A really appealing option is to use browser-based software for recording your audio.
This will make it far easier to record with multiple co-hosts and guests simultaneously as, at the end of the recording, you will get all the high-quality audio files automatically.
I think recording your audio directly on the browser is such a good option that I have written “Recording your podcast episode online on the browser” with details on how to use such software.
You don’t only need equipment to record your podcast, but for organizing it too. As we talked about having great content is the best way to get more listeners. And to make great content you have to plan and organize.
That’s where organization software comes into the picture. It’s software that will help you create documents, and link them together, writing down everything related to creating your podcast, creating its schedule, outlining, and more.
If you have a podcast producer you can share these pages with them so they can join and collaborate.
The best option, in my opinion, for organizing your podcast is Notion. In fact, it’s the software I’m writing this article right now.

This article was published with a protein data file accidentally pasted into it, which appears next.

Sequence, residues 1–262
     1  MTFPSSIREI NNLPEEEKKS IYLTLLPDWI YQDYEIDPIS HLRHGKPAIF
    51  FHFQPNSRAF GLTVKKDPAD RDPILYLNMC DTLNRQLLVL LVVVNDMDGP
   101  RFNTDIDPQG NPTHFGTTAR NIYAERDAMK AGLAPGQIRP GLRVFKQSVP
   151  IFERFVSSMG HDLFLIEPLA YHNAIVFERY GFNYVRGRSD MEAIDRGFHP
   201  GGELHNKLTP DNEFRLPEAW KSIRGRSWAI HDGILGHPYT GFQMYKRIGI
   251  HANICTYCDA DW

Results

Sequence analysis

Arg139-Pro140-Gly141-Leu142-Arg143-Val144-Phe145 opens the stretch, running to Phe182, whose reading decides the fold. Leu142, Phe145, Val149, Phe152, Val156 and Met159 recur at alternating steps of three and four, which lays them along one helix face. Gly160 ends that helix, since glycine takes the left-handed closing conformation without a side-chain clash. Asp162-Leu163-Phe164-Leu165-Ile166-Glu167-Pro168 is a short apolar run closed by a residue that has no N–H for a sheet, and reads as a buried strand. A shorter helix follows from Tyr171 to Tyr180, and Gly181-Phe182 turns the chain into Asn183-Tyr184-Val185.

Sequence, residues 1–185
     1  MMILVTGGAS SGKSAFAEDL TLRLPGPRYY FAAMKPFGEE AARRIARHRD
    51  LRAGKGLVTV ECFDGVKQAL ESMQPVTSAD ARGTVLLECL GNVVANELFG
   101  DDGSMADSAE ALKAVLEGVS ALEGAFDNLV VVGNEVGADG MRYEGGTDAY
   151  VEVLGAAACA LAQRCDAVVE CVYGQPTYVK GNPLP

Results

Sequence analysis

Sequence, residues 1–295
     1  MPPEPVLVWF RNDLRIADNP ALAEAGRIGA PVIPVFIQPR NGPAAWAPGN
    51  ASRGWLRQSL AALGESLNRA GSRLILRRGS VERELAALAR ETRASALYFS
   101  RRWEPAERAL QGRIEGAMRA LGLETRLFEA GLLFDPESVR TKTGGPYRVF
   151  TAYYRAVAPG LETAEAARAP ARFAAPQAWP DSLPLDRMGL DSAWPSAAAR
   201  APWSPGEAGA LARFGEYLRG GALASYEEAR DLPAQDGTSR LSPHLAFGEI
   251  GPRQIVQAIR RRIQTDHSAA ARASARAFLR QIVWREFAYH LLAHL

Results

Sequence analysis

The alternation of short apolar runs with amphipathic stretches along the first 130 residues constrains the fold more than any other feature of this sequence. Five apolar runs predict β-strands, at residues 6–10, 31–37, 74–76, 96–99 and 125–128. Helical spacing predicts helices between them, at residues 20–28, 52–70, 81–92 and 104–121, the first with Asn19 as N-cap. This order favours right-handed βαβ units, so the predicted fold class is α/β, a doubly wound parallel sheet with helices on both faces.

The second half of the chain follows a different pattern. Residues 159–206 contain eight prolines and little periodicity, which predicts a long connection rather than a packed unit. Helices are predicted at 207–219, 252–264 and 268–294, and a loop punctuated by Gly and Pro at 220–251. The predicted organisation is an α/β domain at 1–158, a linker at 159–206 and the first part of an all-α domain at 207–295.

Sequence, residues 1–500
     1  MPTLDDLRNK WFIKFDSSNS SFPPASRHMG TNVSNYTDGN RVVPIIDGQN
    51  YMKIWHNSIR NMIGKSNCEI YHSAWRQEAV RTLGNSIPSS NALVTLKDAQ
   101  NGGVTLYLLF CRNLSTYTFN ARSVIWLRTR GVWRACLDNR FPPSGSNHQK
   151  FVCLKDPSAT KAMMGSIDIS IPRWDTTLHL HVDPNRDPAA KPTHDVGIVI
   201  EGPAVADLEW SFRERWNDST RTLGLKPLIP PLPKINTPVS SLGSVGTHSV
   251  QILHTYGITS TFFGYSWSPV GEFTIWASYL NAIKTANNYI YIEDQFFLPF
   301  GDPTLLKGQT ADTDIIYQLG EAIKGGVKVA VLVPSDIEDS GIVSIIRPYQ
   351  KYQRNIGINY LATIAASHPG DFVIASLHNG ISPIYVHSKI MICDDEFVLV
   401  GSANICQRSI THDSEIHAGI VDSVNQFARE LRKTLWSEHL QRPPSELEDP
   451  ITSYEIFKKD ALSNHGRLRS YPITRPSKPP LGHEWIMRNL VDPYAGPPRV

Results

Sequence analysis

It has so many features like creating formatted documents, linking them together, creating databases, and more.
Honestly, create a free account and start using it right now. It will make your life easier!
In case you want more traditional, yet powerful, software, you can use the Google Docs suite. You already have a Google account and you are most probably familiar with tools like Word or Excel. Google Docs is similar but online (and free). You can continue your work on different devices and you can share your podcast folder with anybody else.
You can use Google Drive to move audio files between you and your audio editor too.
If you don’t want to use fancy online software, you can use a desktop, online first too.
The downside is that you have to download this software, but chances are you already have them installed on your computer.